Henry had had a strong hand but he had overplayed it. Frightened that the English were about to attack them, the Armagnacs made peace with the Burgundians. Even though John the Fearless, Duke of Burgundy, had given Henry a promise of remaining neutral should Henry try and seize the Crown of France, and seemed likely to keep his promise, Henry had to think again. The Great Council of the Lords Spiritual and Temporal was summoned on 30th September 1414 to 'give advice'. Henry's claims were approved in principle, but the Council reined in the normally aggressive instincts of the English where the French were concerned, and counselled caution before Christian blood was spilt. The Synod of Canterbury, meeting a week later under Henry Chichele, now Archbishop of Canterbury, showed no such reticence about shedding Christian blood; it voted Henry a double subsidy, a step only taken when war was in the offing. When Parliament met in November 1414, it followed the same course as the Church, and it too voted a double subsidy. Henry could read the messages that his subjects were ready for war, but that he had to try and get satisfaction by further peaceable means.

A further embassy to France - February 1415

In February 1415 Richard Courtenay again journeyed to Paris with some modified demands. All of Acquitaine was to be handed over to the English, and Catherine's hand was to be given to King Henry V with a dowry of 1, 000, 000 crowns. The French countered again with part of Acquitaine and 800, 000 crowns. None of this was acceptable, and the Bishop returned home empty handed.

It was probably about this time that Louis, the Dauphin, sent Henry the present of tennis balls together with some cushions to recline on until he should come of man's estate and need no rest. It could have been mere propaganda put out by the Court to inflame public opinion that a deadly insult had been offered their King, but on the other hand, it was just the sort of silly thing that the Dauphin, a shallow and foolish youth, would do. Henry is supposed to have cried out"Ich Dien"which can mean, not only"I serve", but also"My Service"or "Me to serve", the preliminary to an aggressive act in the game of tennis. The story comes from Canon John Strecche, who was not a member of the Court and was not present. He is supposed to have heard it from one of his many friends in the circles of the Court. It is an amusing story which sums up the state of the relations at this stage between the English and French Courts, and it has the ring of truth about it.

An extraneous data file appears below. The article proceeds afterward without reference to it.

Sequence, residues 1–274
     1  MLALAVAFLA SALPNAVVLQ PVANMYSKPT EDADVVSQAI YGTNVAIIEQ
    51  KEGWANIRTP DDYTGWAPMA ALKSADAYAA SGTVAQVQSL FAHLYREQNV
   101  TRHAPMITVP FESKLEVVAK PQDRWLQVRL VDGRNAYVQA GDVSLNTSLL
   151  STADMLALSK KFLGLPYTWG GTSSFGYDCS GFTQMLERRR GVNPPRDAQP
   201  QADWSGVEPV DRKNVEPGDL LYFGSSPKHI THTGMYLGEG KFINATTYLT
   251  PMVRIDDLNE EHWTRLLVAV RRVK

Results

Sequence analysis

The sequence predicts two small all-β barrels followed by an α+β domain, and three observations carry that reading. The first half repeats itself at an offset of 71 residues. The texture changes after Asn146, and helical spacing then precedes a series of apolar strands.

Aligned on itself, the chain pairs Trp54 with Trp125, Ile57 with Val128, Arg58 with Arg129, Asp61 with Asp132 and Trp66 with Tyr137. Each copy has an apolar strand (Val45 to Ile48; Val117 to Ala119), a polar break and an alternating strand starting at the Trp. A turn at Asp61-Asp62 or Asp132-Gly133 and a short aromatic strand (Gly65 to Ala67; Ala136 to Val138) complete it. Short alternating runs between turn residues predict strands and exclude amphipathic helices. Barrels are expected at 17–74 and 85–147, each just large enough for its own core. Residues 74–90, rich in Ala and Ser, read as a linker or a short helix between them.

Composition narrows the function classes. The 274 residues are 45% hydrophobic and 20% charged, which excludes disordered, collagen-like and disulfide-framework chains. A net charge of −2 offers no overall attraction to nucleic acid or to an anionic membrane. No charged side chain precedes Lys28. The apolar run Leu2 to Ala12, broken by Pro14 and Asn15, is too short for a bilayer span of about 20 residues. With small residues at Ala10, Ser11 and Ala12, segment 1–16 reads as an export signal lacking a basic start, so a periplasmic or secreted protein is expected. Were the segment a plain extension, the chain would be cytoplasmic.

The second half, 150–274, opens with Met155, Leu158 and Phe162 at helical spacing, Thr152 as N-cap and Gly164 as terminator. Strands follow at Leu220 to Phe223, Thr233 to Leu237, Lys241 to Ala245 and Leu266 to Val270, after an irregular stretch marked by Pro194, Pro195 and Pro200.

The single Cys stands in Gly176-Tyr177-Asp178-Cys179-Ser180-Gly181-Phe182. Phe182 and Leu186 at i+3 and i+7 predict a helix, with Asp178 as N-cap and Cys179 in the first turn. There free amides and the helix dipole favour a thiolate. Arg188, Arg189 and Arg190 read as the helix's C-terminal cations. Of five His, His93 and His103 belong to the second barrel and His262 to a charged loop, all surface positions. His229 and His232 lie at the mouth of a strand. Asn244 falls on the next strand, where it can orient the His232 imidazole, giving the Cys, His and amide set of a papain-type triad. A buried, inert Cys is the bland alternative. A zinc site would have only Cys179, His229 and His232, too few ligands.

The Dauphin's embassy

The Dauphin made it clear that he wished to send an Embassy to England, but was in no apparent hurry to do so. Henry had to write in April 1415 to enquire what had happened to it. Eventually it appeared at Winchester in June 1415 as Henry was preparing to embark. Guillaume Boisratier, Archbishop of Bourges, offered Henry Limousin and part of Acquitaine. Henry said that he had heard all this before, and a further embassy indicated some further concessions were to be made. In a private meeting, the Archbishop added Limoges and Tulle. Henry asked for assurances that his sovereignty was to be absolute, as he would not hold any lands as a vassal of the French King. To this the Archbishop had no answer. A further meeting with all the Lords present got very heated with many accusations of who would be responsible for unleashing the dogs of war. The Archbishop said that Charles was the rightful King of France whereas Henry was not even the rightful King of England. The insult found its mark, and Henry stormed out of the Council Chamber. The Chancellor, Henry Beaufort then read out an ultimatum; either hand over the lands or the English would take them by the sword. Diplomacy was at an end, although Henry did try one further approach by writing a letter to the Dauphin on 28th July 1415:-

"We exhort you in the bowels of Jesus Christ to execute and do the thing the Evangelist teacheth, saying 'Friend, pay that that thou owest and restore that that thou wrongfully detainest'. And to the end that the blood of innocence be not spilt, we require due restitution of our rightful inheritance by you wrongfully witholden from us".

The dogs of war

Shakespeare has it that when embarking for France King Henry V cried out:-

"The signs of war advance,

No King of England, if not King of France."